If you don’t have enough of the first, you won’t have enough of the second.
In both of my careers – running a successful insurance firm and starring in a successful reality TV series – I’ve learned the answer to the age-old question, “Can money buy happiness?”
The answer is no. In both careers, I’ve met many people who are financially well off but not mentally well off. Then again, not being able to pay your bills is so stressful, it can trigger mental health problems.
That’s not just my opinion. It’s the result of Debt.com’s annual survey on credit cards and mental health. Credit cards are the nation’s go-to source of unsecured debt.
“Secured” debt is your mortgage or your auto loan, because if you don’t make your payments, the bank can take your home and the repo man can take your car. Credit cards are “unsecured” because no one comes looking for your credit cards.
Credit cards are a wonderful convenience, but unfortunately, they’ve become an awful addiction. Debt.com recently asked 1,000 Americans, “How do your credit card bills affect you?” The top answer – more than 4 in 10 – was “makes me feel stressed.”
Other answers were…
- Hopeless (just over 8%)
- Sad (almost 7%)
- Loss of sleep (2.75%)
- Low self-esteem (2.5%)
- Loss of appetite (1%)
None of the answers were, “I feel great!” Even worse, credit card balances compel people to do things that damage not only their mental health, but also their loved ones’. For example, Debt.com asked, “ How does credit card debt affect you socially?”
More than 11% replied, “My significant other and I argue over my credit card spending.” Another 11% said, “I hide my credit card spending from my significant other.”
That’s not how healthy relationships last. It’s also not how healthy finances are built. Another shocking stat: More than a fifth told Debt.com they missed a credit card payment because they “couldn’t bring myself to look at the balance.” So, they paid a hefty late fee and ran up more interest charges simply because they couldn’t bear to see the bill.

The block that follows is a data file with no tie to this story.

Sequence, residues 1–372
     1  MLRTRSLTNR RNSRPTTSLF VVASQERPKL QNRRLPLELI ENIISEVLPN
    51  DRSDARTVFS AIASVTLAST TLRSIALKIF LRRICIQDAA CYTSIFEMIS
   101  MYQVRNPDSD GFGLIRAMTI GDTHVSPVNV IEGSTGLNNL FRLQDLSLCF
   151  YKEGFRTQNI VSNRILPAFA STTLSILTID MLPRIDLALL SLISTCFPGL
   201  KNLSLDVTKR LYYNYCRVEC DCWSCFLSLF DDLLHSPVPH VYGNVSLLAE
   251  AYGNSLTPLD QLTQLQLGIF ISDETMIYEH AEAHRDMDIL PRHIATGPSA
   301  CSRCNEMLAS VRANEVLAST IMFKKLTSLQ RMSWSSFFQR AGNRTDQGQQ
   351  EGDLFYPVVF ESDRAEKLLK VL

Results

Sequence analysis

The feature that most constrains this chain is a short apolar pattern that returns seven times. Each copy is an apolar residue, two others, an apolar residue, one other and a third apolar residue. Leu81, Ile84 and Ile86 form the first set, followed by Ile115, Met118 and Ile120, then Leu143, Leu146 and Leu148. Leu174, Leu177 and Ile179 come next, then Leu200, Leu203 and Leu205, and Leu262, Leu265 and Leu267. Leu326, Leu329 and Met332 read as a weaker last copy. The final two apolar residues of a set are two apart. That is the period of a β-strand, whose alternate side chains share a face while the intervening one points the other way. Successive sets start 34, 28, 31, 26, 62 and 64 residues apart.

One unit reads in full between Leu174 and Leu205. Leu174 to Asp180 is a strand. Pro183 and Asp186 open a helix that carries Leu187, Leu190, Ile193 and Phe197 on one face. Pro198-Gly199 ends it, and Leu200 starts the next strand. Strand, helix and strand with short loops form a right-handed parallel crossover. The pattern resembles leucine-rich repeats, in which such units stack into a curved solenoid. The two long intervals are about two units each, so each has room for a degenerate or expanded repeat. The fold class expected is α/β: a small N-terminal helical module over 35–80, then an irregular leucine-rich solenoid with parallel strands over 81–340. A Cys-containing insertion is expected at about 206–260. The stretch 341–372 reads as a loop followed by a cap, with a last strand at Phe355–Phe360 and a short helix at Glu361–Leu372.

That’s not healthy in so many ways. And it’s getting worse. This is the second year Debt.com has asked these same questions. For example, in 2022, more than 21% admitted feeling “stressed” after using credit cards. This year, it jumped to almost 34%.
Sometimes, fans ask me why I’ve continued to run my own business, Coto Insurance & Financial Services. Isn’t that boring? Isn’t it stressful? The answers are No and Yes.
It’s not boring because I love what I do, which is helping people navigate complicated financial details so they can live a full life. But yes, it’s stressful because I often see first-time clients who are stressed out themselves, and as an empathetic person, I pick up that energy and internalize some of it. Helping them out financially so they feel better mentally is fulfilling, but until we get down that road, it’s painful for me as well as them.
Since May is Mental Health Awareness Month, I wanted to address this very important topic. If you think your mental health is suffering because your financial health is suffering, I urge you to get financial counseling before you seek psychological counseling. For starters, financial counseling is FREE through Debt.com. With one phone call, you’ll get a free in-depth debt analysis and no-pressure advice on how to get out from under your stubborn bills.
If all goes right, your mental health might start improving immediately. I’ve seen it happen with people I’ve sent to Debt.com and with my own clients. In a weird way, financial causes of mental health problems are easier to fix than other causes, even though they seem like the most daunting at first.
As I usually say to folks in these situations, you don’t have to do what I recommend. But do something – just don’t do nothing.
Call Debt.com at (844) 844-2543 for a free debt analysis from a certified credit counselor and for more information, check out: debt.com/vicki
Published by Debt.com, LLC